Chemokine and chemokine decoy receptor contributions to fetal success and failure during porcine pregnancy

dc.contributor.advisorHanel, Ann
dc.contributor.advisorTayade, Chandra
dc.contributor.advisorCroy, B. Anne
dc.contributor.authorWessels, Jocelyn Marika
dc.date.accessioned2021-04-20T15:28:52Z
dc.date.available2021-04-20T15:28:52Z
dc.date.copyright2008
dc.degree.departmentDepartment of Biomedical Sciencesen_US
dc.degree.grantorUniversity of Guelphen_US
dc.degree.nameMaster of Scienceen_US
dc.description.abstractTwo waves of spontaneous fetal loss occur during commercial swine pregnancy; one during early and the other during mid-pregnancy. Decreased angiogenesis and increased pro-inflammatory cytokines have been found at arresting fetal attachment sites. However, levels of chemokines, small molecules responsible for chemoattraction, and their regulators, decoy receptors, are not reported. I hypothesized that decoy receptors contribute to fetal demise by altering endometrial cell trafficking via chemokine degradation. Select chemokines and decoy receptors were quantified at the maternal-fetal interface. Transcript number of homeostatic decoy receptor 'CCX CKR' was significantly higher in arresting gd50 tissues, compared with healthy gd50 tissues. Immunohistological localization of CCL4, CCX CKR, and D6 confirmed their expression in endometrium. The differential expression of chemokines and decoy receptors between healthy and arresting attachment sites may contribute to conceptus fate by altering the ratios of recruited cell types at the maternal-fetal interface.en_US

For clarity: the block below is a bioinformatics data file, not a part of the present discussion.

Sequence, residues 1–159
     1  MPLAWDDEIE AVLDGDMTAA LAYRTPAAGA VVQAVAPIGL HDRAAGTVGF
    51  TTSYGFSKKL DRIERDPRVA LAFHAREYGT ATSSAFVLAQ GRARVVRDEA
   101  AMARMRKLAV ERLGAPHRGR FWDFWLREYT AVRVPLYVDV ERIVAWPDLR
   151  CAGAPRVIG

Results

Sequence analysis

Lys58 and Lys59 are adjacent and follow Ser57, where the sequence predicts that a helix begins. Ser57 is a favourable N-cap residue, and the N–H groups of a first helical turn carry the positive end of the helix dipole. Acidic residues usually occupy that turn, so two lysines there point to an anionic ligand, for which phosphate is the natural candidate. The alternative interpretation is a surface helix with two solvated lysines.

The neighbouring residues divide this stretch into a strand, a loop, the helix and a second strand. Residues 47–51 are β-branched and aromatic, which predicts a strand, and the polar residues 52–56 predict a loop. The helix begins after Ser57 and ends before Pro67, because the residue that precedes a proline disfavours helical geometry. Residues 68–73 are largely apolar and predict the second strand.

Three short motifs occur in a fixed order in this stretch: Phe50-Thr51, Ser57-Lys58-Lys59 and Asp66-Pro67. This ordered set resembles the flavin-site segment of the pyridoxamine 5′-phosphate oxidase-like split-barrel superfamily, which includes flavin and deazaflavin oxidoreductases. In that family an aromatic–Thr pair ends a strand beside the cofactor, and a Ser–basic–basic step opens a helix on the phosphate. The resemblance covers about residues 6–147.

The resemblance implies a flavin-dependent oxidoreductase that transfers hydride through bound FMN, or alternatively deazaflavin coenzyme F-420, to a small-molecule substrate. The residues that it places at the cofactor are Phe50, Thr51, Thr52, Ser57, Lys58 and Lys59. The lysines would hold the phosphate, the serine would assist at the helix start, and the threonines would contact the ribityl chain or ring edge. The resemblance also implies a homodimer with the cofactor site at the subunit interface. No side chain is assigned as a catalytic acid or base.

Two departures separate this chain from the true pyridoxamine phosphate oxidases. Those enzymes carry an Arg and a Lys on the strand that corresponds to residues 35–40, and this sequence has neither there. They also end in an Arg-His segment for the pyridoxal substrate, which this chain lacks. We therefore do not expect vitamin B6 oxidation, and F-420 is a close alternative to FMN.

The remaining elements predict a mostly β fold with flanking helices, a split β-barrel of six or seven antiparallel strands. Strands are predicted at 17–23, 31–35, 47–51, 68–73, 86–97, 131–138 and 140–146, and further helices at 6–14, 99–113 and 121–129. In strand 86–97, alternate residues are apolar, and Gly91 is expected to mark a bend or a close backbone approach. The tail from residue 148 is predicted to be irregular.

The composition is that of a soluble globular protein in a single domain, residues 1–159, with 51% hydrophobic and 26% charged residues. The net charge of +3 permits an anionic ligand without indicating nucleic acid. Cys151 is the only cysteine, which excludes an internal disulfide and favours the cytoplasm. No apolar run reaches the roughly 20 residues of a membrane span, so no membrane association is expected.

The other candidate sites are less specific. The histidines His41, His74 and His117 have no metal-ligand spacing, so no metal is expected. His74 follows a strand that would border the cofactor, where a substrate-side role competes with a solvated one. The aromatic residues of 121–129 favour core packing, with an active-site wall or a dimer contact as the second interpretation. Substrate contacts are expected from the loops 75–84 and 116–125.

dc.identifier.urihttps://hdl.handle.net/10214/25165
dc.language.isoen
dc.publisherUniversity of Guelphen_US
dc.rights.licenseAll items in the Atrium are protected by copyright with all rights reserved unless otherwise indicated.
dc.subjectchemokineen_US
dc.subjectchemokine decoy receptoren_US
dc.subjectfetal successen_US
dc.subjectfetal lossen_US
dc.subjectporcine pregnancyen_US
dc.titleChemokine and chemokine decoy receptor contributions to fetal success and failure during porcine pregnancyen_US
dc.typeThesisen_US

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